Shocking levels of non-compliance with AML rules highlighted by report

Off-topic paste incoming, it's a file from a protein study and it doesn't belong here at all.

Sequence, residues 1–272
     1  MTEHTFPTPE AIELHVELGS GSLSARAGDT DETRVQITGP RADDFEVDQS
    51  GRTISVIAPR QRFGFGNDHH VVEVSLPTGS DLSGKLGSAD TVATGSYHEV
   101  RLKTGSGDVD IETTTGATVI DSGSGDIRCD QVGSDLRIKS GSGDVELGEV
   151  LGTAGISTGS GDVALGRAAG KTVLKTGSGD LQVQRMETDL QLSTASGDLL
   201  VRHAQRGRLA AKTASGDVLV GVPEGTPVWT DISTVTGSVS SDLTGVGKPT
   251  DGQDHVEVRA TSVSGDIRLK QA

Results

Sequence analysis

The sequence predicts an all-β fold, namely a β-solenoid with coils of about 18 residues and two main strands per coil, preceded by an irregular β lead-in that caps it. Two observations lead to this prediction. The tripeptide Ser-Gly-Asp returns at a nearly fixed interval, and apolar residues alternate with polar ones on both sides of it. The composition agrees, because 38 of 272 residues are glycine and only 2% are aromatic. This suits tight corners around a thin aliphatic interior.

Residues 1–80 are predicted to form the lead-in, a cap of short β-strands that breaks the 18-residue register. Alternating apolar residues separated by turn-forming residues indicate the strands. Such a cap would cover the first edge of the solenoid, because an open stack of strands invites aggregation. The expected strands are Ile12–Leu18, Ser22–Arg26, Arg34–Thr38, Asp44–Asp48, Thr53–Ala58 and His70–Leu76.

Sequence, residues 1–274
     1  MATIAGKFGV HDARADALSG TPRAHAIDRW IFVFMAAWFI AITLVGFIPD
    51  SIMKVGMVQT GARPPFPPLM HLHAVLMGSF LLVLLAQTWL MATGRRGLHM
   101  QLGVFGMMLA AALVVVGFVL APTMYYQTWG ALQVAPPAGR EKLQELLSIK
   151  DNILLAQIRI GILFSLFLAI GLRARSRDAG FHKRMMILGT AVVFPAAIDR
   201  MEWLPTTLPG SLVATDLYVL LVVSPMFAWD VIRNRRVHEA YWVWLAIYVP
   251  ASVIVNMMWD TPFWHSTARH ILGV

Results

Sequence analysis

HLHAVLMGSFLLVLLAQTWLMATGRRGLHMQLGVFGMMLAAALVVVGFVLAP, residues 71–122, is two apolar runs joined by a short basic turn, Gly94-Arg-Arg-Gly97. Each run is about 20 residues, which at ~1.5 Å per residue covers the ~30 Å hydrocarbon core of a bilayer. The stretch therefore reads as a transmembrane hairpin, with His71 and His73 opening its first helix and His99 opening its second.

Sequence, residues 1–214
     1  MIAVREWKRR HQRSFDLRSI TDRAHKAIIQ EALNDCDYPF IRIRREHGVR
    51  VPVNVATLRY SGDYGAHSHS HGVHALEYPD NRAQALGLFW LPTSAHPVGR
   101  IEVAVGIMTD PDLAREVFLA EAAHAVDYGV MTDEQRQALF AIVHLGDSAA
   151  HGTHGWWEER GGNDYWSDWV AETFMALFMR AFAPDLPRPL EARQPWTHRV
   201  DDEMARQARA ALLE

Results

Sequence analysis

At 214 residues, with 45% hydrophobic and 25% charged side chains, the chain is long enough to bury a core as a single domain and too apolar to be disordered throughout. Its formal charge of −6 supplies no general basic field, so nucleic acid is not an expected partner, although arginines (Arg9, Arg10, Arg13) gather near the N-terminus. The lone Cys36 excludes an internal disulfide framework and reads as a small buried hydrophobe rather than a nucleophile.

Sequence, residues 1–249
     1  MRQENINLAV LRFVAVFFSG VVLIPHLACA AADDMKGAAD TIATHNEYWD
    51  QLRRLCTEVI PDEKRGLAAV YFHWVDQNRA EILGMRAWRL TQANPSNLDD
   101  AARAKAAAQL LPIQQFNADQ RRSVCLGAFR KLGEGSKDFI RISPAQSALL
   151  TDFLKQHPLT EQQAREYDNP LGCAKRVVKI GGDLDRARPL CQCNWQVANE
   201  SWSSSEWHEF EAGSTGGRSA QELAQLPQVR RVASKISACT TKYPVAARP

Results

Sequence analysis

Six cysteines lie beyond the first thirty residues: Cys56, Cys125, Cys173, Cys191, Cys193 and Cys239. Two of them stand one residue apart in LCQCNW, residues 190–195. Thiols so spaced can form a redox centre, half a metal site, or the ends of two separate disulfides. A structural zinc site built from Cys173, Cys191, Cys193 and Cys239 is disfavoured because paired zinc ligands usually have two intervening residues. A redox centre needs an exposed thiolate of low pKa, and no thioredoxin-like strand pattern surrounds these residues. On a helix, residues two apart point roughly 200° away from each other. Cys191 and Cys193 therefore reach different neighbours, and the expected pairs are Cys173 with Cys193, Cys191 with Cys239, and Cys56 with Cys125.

first_imgHome » News » Shocking levels of non-compliance with AML rules highlighted by report previous nextRegulation & LawShocking levels of non-compliance with AML rules highlighted by reportNearly a third of agents say they are unsure if they’re legally compliant with AML and just 65% believe their firms meet the requirements even though it has been a legal requirement for two years.Sheila Manchester4th February 202001,234 Views It’s the issue that everyone wishes would just go away, but in a study by iamproperty almost a third of estate agencies are unsure whether their company meets current HMRC requirements for AML purposes.Since 2017, estate agents have been subject to stringent AML regulations, including due diligence and further checks on vendors and buyers – for every property sale. Failure to do so can see agents fined and even imprisoned.Findings from iamproperty’s research include:46% of estate agents believe that AML regulations are equally understood and implemented by agencies across the countryHalf of the respondents thought AML regulations were ‘somewhat clear’ and 11% were ‘unclear’40% did not take in (required) annual AML training65% were unconcerned about a visit from HMRC25% knew of a firm that faced an HMRC fine, yet 40% of those admitted to no changes being brought in or new policies adopted.Ben Ridgway, Group MD at iamproperty (left) says: “This research has given us a revealing new insight into the understanding of and adherence to the increasing regulatory burden facing estate agents.“Under the current regulatory environment, it’s never been more important for estate agents to undertake a thorough examination of each and every sale, using whatever tools they can to reduce the impact on their business.”38% of respondents believed that the 10% drop in reports to the National Crime Agency was due to a difficult selling market and a heightened fear of losing sales.20% suggested it could also be down to estate agents having little time to report activity they perceive as suspicious.Ridgway adds: “Almost a third of estate agents were still managing their compliance manually and relying on their instinct to flag concerns with an aspect of a sale.“Yet, they are faced with an increasingly challenging selling market. We are excited to launch our new compliance platform, iamproperty compliance, designed to take the hard work out of managing AML compliance. Estate agents cannot simply rely on their senses when sniffing out suspicious activity.”Iamproperty will be on Blackfriars Lane, Southwark, London, on 11th February 2020, encouraging estate agents and passers-by to see if they can smell the difference between clean and laundered money.The government rushed through legislation in early January to comply with the latest AML directive from Europe.Anti Money Laundering directive iamproperty AML February 4, 2020Nigel LewisWhat’s your opinion? Cancel replyYou must be logged in to post a comment.Please note: This is a site for professional discussion. Comments will carry your full name and company.This site uses Akismet to reduce spam. Learn how your comment data is processed.Related articles BREAKING: Evictions paperwork must now include ‘breathing space’ scheme details30th April 2021 City dwellers most satisfied with where they live30th April 2021 Hong Kong remains most expensive city to rent with London in 4th place30th April 2021last_img

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